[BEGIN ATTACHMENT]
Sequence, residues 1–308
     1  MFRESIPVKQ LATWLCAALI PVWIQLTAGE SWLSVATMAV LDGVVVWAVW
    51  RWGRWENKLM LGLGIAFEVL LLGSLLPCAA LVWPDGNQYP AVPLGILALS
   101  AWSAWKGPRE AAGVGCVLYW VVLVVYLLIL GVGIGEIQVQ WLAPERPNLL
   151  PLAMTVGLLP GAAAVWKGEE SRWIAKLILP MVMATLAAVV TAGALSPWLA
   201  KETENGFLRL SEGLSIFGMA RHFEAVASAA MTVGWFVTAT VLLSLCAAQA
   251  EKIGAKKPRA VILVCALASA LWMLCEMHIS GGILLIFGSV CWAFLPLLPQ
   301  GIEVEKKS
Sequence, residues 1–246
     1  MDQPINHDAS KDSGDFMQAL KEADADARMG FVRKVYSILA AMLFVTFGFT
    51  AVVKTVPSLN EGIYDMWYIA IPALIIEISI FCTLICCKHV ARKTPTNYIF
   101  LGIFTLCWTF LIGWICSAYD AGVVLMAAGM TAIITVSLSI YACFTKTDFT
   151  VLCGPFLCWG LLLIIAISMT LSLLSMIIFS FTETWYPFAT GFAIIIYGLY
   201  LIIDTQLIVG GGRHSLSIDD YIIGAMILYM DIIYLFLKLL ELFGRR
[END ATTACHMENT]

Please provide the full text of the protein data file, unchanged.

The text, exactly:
Sequence, residues 1–308
     1  MFRESIPVKQ LATWLCAALI PVWIQLTAGE SWLSVATMAV LDGVVVWAVW
    51  RWGRWENKLM LGLGIAFEVL LLGSLLPCAA LVWPDGNQYP AVPLGILALS
   101  AWSAWKGPRE AAGVGCVLYW VVLVVYLLIL GVGIGEIQVQ WLAPERPNLL
   151  PLAMTVGLLP GAAAVWKGEE SRWIAKLILP MVMATLAAVV TAGALSPWLA
   201  KETENGFLRL SEGLSIFGMA RHFEAVASAA MTVGWFVTAT VLLSLCAAQA
   251  EKIGAKKPRA VILVCALASA LWMLCEMHIS GGILLIFGSV CWAFLPLLPQ
   301  GIEVEKKS
Sequence, residues 1–246
     1  MDQPINHDAS KDSGDFMQAL KEADADARMG FVRKVYSILA AMLFVTFGFT
    51  AVVKTVPSLN EGIYDMWYIA IPALIIEISI FCTLICCKHV ARKTPTNYIF
   101  LGIFTLCWTF LIGWICSAYD AGVVLMAAGM TAIITVSLSI YACFTKTDFT
   151  VLCGPFLCWG LLLIIAISMT LSLLSMIIFS FTETWYPFAT GFAIIIYGLY
   201  LIIDTQLIVG GGRHSLSIDD YIIGAMILYM DIIYLFLKLL ELFGRR